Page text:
average annual net earnings for the previous five years.

                                   At the date of Mr. Sloan’s death, the average annual net
                                   earnings for the prior five years was $0. The Corporation
                                   exercised its option to repurchase the Shares for $0. Although
                                   the District Court held that the Agreement had a valid business
                                   purpose and provided for a reasonable price, the Court of
                                   Appeals held that under the circumstances presented, including
                                   the health of the testator at the time of the agreement and the
                                   discrepancy between the purchase price and book value, “a
                                   reasonable inference could be drawn that the agreement was
                                   testamentary in nature and a device for the avoidance of estate
                                   taxes.” The decision was, therefore, reversed and remanded.

           4.          Applicability of IRC Section 2703.

                       a.          Purpose of this provision was to prevent a business owner from
                                   creating an artificially low value for estate tax purposes by
                                   providing for a purchase price in the Shareholders Agreement
                                   that was lower than the actual market value.

                       b.          Section 2703 will apply (and buy-sell value will be disregarded)
                                   unless the agreement:


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                                   (i)         is a bona fide business arrangement;
                                   (ii)        is not simply a device to transfer stock to natural objects
                                               of bounty for less than full and adequate consideration;
                                   (iii)       its terms (including valuation determination) are
                                               comparable to similar arrangements entered into by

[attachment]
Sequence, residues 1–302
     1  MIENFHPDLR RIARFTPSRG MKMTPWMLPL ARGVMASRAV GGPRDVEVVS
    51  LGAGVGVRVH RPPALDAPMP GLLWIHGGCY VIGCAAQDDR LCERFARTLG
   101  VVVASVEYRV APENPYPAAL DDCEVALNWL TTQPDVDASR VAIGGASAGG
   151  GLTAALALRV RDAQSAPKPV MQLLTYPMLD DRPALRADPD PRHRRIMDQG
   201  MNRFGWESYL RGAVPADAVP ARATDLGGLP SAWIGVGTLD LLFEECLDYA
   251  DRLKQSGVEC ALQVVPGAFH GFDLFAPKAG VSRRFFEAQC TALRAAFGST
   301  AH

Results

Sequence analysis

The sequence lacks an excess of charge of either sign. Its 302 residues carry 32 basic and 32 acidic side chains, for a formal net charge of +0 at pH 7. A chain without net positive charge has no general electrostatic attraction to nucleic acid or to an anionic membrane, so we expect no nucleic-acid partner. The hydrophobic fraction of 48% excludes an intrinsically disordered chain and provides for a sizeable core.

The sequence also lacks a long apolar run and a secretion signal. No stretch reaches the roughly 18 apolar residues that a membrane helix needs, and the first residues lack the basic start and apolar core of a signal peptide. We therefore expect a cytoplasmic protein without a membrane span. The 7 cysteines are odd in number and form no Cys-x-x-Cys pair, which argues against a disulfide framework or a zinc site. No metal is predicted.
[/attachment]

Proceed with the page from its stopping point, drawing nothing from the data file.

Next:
persons in an arms-length transaction.

                       c.          Bona fide business arrangement. To satisfy the “bona fide
                                   business arrangement” test, the arrangement must bear some
                                   nexus to a business and not be motivated simply by estate tax
                                   transfer savings. Courts have held hat maintaining control and
                                   management of the business in the existing owners is a
                                   legitimate business purpose.

                       d.          Device to transfer business. (i) The second test is related to the
                                   first test and depends on the circumstances surrounding the
                                   execution of the agreement.         Clearly, this test applies
                                   predominately when the parties to the agreement are related and
                                   the purchase price and/or terms of payment for the older parties
                                   shares in the event of death are more favorable than what
                                   unrelated parties might agree upon.

                                   (ii) The lead case on the topic is Estate of Lauder v. Comm. TC
                                   Memo 1992-736(1992). There the decedent, Joseph Lauder,
                                   who along with his wife, Estee Lauder, and founder of the
                                   world famous cosmetic company, was subject to a Shareholders
                                   Agreement which restricted the transfer of shares during
                                   lifetime and required the estate of a deceased Shareholder to
                                   sell his or her shares back to the Company at a price set by a